A Mississippi legislator has proposed a bill that will result in parents being graded in terms of their involvement with their children's education. Of course everyone knows that "children who are read to, talked to, and taught patience and self-discipline are far more likely than those who are not to succeed in school". The idea is that it's unreasonable for us to expect schools to do it all. more
Yes, but. As I say in this blog from the archives, blaming parents for not being involved in their children's education is kind of like the guy who murdered his parents and then threw himself on the court's mercy on the grounds that he was an orphan. There are all kinds of ways that schools can draw parents in, for example letting school councils play a meaningful role, adopting teaching methods that parents can understand, using good textbooks that can go home with the students, facilitating meaningful dialogue with teachers, and reporting students's results objectively and clearly.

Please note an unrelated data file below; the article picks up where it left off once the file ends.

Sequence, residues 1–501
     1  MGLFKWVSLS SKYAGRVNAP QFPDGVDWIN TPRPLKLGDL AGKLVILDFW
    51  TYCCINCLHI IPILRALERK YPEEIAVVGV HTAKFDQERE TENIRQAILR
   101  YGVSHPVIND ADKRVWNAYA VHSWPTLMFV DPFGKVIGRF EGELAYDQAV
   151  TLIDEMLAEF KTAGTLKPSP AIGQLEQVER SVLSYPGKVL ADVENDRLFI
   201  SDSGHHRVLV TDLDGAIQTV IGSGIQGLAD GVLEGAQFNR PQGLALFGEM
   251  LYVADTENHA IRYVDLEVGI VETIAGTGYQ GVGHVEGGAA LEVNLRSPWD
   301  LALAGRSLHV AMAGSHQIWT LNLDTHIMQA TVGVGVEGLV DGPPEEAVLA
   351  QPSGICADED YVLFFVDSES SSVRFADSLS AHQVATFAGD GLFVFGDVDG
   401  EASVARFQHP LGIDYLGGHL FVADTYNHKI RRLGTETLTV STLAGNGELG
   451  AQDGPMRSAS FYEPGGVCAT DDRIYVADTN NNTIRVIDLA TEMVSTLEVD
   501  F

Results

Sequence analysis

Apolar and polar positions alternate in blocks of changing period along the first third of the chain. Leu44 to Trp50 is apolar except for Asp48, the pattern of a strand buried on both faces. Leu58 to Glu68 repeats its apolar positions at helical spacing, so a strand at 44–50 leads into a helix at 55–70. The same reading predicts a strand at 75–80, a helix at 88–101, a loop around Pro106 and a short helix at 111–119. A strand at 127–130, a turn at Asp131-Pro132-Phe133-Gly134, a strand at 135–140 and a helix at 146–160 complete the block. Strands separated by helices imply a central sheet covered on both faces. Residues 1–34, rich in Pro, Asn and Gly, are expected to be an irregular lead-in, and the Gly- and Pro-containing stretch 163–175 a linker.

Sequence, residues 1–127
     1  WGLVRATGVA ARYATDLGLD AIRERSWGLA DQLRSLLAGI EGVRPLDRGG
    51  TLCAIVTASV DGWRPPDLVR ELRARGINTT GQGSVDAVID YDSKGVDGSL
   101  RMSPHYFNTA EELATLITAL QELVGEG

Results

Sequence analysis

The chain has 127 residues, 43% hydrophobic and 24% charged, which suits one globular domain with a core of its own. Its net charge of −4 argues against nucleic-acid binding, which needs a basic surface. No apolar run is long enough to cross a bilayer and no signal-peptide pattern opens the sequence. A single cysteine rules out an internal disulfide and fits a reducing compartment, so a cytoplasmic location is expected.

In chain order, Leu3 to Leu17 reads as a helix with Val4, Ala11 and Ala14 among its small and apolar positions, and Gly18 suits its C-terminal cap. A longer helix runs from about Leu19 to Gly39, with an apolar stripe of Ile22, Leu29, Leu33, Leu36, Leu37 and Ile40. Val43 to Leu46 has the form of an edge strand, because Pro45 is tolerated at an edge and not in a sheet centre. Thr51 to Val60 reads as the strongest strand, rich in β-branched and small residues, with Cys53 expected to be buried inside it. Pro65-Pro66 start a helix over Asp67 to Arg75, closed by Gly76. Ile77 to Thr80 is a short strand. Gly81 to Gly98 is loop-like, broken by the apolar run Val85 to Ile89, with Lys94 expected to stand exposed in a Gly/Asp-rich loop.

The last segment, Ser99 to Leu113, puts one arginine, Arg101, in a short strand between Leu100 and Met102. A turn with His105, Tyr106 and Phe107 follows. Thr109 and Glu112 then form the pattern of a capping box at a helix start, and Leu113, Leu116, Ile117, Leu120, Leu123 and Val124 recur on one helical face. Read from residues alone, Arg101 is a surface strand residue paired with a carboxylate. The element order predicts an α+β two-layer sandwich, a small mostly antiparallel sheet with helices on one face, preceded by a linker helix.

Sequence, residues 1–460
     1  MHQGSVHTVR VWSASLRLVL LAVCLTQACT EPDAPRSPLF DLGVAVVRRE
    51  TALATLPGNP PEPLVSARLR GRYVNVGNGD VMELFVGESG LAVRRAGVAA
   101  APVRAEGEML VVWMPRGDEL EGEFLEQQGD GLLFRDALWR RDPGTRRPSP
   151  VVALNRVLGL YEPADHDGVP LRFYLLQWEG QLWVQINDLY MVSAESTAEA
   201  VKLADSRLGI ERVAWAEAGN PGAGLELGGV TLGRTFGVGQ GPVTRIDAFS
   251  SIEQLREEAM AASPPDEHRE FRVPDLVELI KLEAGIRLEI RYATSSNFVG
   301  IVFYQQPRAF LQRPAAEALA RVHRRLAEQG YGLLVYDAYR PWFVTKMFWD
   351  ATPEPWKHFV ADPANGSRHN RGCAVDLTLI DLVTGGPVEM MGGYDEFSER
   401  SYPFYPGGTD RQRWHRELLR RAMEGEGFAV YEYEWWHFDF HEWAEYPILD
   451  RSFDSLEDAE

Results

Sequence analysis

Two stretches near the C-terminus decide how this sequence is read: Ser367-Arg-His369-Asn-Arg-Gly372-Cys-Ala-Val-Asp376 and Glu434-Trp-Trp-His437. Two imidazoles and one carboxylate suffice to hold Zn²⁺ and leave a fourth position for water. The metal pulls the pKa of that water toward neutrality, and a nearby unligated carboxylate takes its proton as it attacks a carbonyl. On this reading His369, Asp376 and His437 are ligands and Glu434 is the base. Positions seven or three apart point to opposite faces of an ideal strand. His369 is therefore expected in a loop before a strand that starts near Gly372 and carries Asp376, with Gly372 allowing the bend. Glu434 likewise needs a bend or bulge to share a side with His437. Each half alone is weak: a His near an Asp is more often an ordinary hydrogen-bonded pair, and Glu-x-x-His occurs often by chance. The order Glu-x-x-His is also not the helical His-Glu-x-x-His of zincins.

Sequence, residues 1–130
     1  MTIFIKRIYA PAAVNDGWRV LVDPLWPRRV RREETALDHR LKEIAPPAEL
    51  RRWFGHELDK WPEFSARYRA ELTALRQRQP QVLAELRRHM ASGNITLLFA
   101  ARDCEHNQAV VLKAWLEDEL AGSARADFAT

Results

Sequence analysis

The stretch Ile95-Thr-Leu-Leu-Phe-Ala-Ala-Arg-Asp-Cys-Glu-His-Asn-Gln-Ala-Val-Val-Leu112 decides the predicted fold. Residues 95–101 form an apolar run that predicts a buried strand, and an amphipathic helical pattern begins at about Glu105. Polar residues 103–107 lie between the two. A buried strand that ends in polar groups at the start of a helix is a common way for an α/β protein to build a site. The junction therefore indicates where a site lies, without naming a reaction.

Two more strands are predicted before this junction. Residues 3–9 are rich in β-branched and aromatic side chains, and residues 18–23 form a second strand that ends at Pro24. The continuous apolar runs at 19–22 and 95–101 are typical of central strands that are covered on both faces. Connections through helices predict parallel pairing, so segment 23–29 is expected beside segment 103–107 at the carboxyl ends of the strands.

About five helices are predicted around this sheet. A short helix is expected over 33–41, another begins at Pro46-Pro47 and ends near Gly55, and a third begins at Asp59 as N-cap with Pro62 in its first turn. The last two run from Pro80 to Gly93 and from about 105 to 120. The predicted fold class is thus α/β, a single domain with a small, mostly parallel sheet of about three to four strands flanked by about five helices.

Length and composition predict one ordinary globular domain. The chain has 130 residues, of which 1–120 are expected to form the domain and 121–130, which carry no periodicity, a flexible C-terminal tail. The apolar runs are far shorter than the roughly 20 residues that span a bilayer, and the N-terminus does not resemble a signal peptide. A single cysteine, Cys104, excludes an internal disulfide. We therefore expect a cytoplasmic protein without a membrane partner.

So while I think the Mississippi legislator is on the right track in wanting to encourage parental involvement, I think he's got the wrong end of the stick when it comes to how to achieve it. H/T TA
If you ever doubted that public education involves big bucks, take a look at Ontario's public accounts, this one for 2015. The Ministry of Education begins at page 127. This is where you can find out how much the school boards get, plus there are hundreds of hangers-on. First Robotics Canada ($599,564)? Free the Children ($650,000)? Harmony Movement ($341.200)? Massey Centre for Women ($485,483)? People for Education ($181.221)? Roots of Empathy ($2,030,000)?